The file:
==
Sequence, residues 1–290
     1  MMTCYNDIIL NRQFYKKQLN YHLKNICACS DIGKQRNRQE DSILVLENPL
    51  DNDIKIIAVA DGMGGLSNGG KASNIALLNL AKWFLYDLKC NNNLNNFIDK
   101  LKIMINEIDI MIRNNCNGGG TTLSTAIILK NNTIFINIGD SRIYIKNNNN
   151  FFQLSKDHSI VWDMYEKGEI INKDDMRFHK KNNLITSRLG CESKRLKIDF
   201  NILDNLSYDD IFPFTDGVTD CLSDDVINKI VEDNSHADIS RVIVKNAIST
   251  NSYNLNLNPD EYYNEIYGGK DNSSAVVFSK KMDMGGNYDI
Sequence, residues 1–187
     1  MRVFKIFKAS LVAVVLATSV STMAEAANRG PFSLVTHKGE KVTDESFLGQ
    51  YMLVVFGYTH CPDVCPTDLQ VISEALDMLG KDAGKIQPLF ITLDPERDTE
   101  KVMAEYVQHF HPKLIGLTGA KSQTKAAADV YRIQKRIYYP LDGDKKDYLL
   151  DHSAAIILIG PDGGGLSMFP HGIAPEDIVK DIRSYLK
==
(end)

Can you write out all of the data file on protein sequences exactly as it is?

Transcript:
Sequence, residues 1–290
     1  MMTCYNDIIL NRQFYKKQLN YHLKNICACS DIGKQRNRQE DSILVLENPL
    51  DNDIKIIAVA DGMGGLSNGG KASNIALLNL AKWFLYDLKC NNNLNNFIDK
   101  LKIMINEIDI MIRNNCNGGG TTLSTAIILK NNTIFINIGD SRIYIKNNNN
   151  FFQLSKDHSI VWDMYEKGEI INKDDMRFHK KNNLITSRLG CESKRLKIDF
   201  NILDNLSYDD IFPFTDGVTD CLSDDVINKI VEDNSHADIS RVIVKNAIST
   251  NSYNLNLNPD EYYNEIYGGK DNSSAVVFSK KMDMGGNYDI
Sequence, residues 1–187
     1  MRVFKIFKAS LVAVVLATSV STMAEAANRG PFSLVTHKGE KVTDESFLGQ
    51  YMLVVFGYTH CPDVCPTDLQ VISEALDMLG KDAGKIQPLF ITLDPERDTE
   101  KVMAEYVQHF HPKLIGLTGA KSQTKAAADV YRIQKRIYYP LDGDKKDYLL
   151  DHSAAIILIG PDGGGLSMFP HGIAPEDIVK DIRSYLK